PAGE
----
I think there is a proper time for shame. One such time was Thursday, April 16, 2015, which marked the one-year anniversary of the Sewol ferry disaster in which 304 people, including 250 high school students, drowned to their death in the cold waters off the southwestern coast of South Korea.
The tragedy shook the nation to its core. The entire junior class of Dawon High School had boarded the Sewol for a school trip to Jeju Island, a popular travel destination. These students were only a year away from the high school exit exam that would set their fate for further education and, arguably, their careers. They stood on the cusp of taking their first adult strides into their hopes and dreams they had imagined for years. Alongside them, for all those years, parents, teachers, and others had invested into their education and upbringing. When those children drowned, many of their parents most likely lost their only child.
The tragedy, however, goes beyond the sheer number of young persons who died. The navigational error that led to the sinking and the botched rescue efforts were specific failures that, upon further investigation, stemmed from systemic ills such as corrupt networks between private shipping companies and coastal security agencies. In a touch of added cruelty to the victims, the only people to escape on the first rescue vessel to arrive were the captain and his crew. The students were repeatedly told by the crew minutes before to remain where they were.
In the following months, parents and supporters from across the nation demanded a full investigation and an explanation from the government. Eventually, the National Assembly passed laws allowing them to get financial compensation from the government. Joo-min Park, the lawyer who had been advocating for the parents, said in response, “In front of the family members pleading and crying out for truth, the government just waved some money.”
Amidst a spate of violence and assault stories that swept through Korean news at the turn of the year, including a horrific child abuse case at a daycare center and the infamous “nut rage” incident aboard a Korean Air flight, columnist Seok-chun Kwon pointed out in an op-ed for Joongang Daily that in all these incidents, the perpetrators expressed no public shame. In fact, they were vindictive and unyielding, claiming they had pure intentions and some even blaming the victims. He writes, “there prevails in Korean society a mindset that one must not feel ashamed and, at the very least, one must look the part and do what it takes to rise through the food chain.” This, he says, is the world that we were thrusting our children into and the same one that had let our children so tragically die. Pad your resume with certificates, volunteer hours, and extracurricular activities; get plastic surgery to pass the interview. In short, look the part, don’t be ashamed of yourself, do what it takes to succeed.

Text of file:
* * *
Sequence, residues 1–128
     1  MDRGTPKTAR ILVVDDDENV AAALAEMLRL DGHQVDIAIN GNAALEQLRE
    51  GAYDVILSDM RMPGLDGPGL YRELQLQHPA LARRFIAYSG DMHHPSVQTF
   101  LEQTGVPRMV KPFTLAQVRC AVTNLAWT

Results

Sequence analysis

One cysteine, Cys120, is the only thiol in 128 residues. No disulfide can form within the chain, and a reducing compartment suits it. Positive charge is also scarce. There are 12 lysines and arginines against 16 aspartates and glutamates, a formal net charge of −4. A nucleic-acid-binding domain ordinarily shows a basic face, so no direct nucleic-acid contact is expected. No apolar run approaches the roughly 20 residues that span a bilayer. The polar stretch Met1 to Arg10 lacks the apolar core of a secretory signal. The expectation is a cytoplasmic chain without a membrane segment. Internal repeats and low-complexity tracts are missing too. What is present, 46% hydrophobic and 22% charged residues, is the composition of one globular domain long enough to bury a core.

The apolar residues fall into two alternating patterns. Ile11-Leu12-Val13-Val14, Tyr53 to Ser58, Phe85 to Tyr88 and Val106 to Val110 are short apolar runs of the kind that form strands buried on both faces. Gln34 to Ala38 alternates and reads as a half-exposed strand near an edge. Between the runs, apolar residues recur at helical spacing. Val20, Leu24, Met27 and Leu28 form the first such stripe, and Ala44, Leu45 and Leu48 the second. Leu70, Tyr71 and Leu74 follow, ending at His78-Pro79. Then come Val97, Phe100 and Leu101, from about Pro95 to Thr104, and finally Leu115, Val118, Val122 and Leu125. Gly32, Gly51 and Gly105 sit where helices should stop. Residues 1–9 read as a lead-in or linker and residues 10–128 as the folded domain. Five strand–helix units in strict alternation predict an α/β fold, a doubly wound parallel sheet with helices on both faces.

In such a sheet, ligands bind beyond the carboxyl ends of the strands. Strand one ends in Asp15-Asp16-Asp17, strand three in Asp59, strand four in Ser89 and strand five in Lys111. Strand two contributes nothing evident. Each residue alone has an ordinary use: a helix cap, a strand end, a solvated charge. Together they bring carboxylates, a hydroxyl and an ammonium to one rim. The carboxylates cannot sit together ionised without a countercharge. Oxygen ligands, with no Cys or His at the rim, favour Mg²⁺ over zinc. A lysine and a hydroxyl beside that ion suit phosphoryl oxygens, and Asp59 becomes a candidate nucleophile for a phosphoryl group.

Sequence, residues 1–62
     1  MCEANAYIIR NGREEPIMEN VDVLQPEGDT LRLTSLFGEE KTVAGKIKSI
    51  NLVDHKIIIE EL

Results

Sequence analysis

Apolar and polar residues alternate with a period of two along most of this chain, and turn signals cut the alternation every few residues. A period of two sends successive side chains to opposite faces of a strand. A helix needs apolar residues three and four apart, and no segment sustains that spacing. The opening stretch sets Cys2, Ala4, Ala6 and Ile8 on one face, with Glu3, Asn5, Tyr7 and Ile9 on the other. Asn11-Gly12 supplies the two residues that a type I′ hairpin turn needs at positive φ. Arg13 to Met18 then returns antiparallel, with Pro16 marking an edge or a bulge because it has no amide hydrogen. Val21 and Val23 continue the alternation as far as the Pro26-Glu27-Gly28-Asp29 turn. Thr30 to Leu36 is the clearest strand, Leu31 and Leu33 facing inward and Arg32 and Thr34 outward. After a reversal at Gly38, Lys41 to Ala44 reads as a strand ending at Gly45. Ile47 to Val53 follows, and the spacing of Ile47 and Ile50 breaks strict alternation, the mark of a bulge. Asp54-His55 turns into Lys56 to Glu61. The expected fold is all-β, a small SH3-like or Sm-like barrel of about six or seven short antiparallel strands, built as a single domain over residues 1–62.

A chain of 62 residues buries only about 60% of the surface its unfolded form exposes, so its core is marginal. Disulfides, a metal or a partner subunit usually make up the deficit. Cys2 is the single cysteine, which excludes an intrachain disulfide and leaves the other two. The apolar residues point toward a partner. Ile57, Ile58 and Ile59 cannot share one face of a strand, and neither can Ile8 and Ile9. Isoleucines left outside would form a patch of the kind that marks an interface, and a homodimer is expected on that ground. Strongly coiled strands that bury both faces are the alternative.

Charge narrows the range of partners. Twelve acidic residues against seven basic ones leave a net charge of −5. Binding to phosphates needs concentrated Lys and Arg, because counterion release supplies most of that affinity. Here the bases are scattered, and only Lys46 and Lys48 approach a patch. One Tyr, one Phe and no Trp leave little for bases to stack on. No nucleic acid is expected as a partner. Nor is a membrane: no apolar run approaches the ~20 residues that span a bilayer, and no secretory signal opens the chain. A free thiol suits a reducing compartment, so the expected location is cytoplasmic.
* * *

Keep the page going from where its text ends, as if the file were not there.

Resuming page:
I hope it doesn’t stay this way.
To borrow from what C.S. Lewis wrote in “Men Without Hearts,” an essay in the book, The Abolition of Man, I sincerely hope we do not become people without hearts. Lewis warns against a modern society that endorses a strictly relativistic and intellectual judgment of morals and virtues. Such an understanding of virtue instructs people to discard a reliance on feelings and creates what he calls “men [and women] without chests.” These are people devoid of any “just sentiments” about what is right or wrong. We must not fall into what Lewis calls the “slumber of cold vulgarity,” where we foolishly trust only in our own intellect and reason to claw our way to claim personal honor and success.
A year on, the heavy price we paid in the lives of our young children still burdens the hearts of numerous Koreans hoping for meaningful change. In that hope, we must foster deep and true sentiments for what is right. In the face of wrong in which we have a share of the implications, I hope Koreans—and people of other societies alike in their own contexts of crisis— feel a sense of shame. A shame that I hope will not linger, but will shake us from our “slumber of cold vulgarity” into compassionate responsiveness and into solidarity and shared responsibility.
Kwon, Seok-Chun, “The World After the Sewol Ferry Disaster.” Joongang Daily. January 19, 2015. http://article.joins.com/news/article/article.asp?total_id=16962709. Quotation translated by the author.
Lewis, Clive Staples. The Abolition of Man. Zondervan, 2001.
Greg Kim (’14) graduated with a BA in history and international relations. He lived in Grand Rapids for a year and has since moved back to South Korea to fulfill his mandatory military service.